Walking the red carpet at Cannes … for class credit!

A group of Vanderbilt students from a diverse array of majors took part in “the experience of a lifetime” earlier this summer when they participated in a faculty-led Maymester class that took them across France, including a stop at the Cannes Film Festival.

The Maymester class on the history of French cinema began in Paris, where students heard lectures by Lynn Ramey, professor of French and faculty director of Vanderbilt’s Digital Humanities Center, about the past and present of the French film industry. The students utilized the Cinémathèque Française, a comprehensive archive of French film with a museum tracing the history of French film production, to bring their research to life.

After studying the history and economics of film, the students stepped into the contemporary film world at the 72nd Cannes Film Festival, where they attended several screenings.

Vanderbilt students attended screenings at the Cannes Film Festival.

The class then traveled to Lyon to visit Institut Lumière, a museum honoring Auguste and Louis Lumière, brothers and pioneering filmmakers who are considered the fathers of French cinema. The course culminated with group projects in which the students made their own short films and created plans for marketing them.

Rising junior Caroline Crawford, an English and psychology double major from Akron, Ohio, reflected on her Maymester experience.

Why did you choose this immersion experience?

Crawford: I’ve studied French since middle school and am interested in various types of media, so this specific Maymester seemed like a really good fit. I have always wanted to study abroad, and this trip was a great balance of class-related study, French language practice, and sightseeing with my classmates. I was also drawn to the creative project that we did at the end of the course. In small groups, we made short films using all of the technical and creative knowledge we had gained through lectures and experiences in France. The screening we had of every group’s short film was a very meaningful ending to the trip.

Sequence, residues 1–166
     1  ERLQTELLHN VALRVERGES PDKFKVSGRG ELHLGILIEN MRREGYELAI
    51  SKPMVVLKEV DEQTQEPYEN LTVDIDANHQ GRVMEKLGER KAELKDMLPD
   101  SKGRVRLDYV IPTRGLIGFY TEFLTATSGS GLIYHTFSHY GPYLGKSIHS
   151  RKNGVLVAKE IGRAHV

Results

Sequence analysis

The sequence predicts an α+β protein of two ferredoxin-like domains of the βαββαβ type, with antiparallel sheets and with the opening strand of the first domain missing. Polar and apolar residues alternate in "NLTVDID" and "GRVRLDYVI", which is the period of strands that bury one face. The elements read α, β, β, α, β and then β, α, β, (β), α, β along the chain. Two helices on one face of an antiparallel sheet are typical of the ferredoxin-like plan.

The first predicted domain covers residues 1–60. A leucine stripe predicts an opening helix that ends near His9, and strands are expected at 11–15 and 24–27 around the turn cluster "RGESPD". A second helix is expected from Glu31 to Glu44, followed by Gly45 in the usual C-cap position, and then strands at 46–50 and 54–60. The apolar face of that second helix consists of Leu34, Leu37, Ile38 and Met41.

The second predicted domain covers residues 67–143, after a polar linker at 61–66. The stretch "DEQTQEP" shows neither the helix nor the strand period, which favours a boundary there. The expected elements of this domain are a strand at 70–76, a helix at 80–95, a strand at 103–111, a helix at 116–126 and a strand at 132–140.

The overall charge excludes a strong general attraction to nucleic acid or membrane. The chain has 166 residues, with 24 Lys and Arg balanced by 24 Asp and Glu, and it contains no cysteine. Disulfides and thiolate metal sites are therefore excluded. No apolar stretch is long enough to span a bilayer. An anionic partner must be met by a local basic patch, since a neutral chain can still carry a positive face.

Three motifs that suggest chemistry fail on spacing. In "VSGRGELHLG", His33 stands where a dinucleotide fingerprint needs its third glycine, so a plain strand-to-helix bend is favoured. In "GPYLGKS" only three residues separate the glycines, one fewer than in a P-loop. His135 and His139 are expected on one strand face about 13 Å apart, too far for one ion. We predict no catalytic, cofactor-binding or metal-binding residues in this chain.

What was your favorite part of the trip?

First off, my professor, Lynn Ramey, and teaching assistant Jake Abell were so passionate about film as well as French history that it really brought the class content to life. They were excited to answer any questions we had, and our class lecture time was always engaging thanks to their obvious love for the subjects.

Maymesters are unique because you’re with other Vanderbilt students for a full month. It was really cool to grow close to other students who I likely would not have met without this trip. Also, as someone traveling outside the country for the first time, it was nice to have a cultural and linguistic familiarity with my classmates.

Finally, attending the Cannes Film Festival was an absolutely unreal experience, one I’ll likely never have again. Seeing movies in the Palais des Festivals, where some of the most famous directors and actors were also showing their films, was incredible. I saw movies that I’ll never forget, one of which was Les Misérables by Ladj Ly, a film about police violence in Paris’ banlieue. I gained such a deeper appreciation for film, which was only heightened by my immersion in the culture of the film festival.

How might this Maymester experience affect your career plans?

As an English and psychology double major, one of my biggest goals for the future is to be creative in a way that helps other people or spreads an important message and awareness about certain sociopolitical issues. While I’m still not sure exactly where that will take me, attending Cannes was certainly a huge inspiration and motivator. To be able to see how artists use their creative skills to tell underrepresented stories or pinpoint a narrative that is far more common than it should be was really exciting. I know I will carry this inspiration with me as I move forward in my academic and creative career.

On a more pragmatic level, being able to practice my French in an immersive environment was a huge help to my language skills. I hope to work abroad one day, and my knowledge of French will be a useful tool in that process.

Would you recommend the Maymester experience to others?

All Maymester trips, including the one I took, are extremely beneficial because they allow you to experience a new culture, meet new people, learn about a fascinating subject and travel the world, all while getting Vanderbilt course credit. These programs are also beneficial for students who cannot study abroad during the academic year. Being in the place where the things you learn about actually happened or are happening is an amazing feeling, and it certainly contributed to my educational experience.

I also was lucky to receive one of the limited Global Education Office scholarships, without which I would not have been able to participate in this Maymester.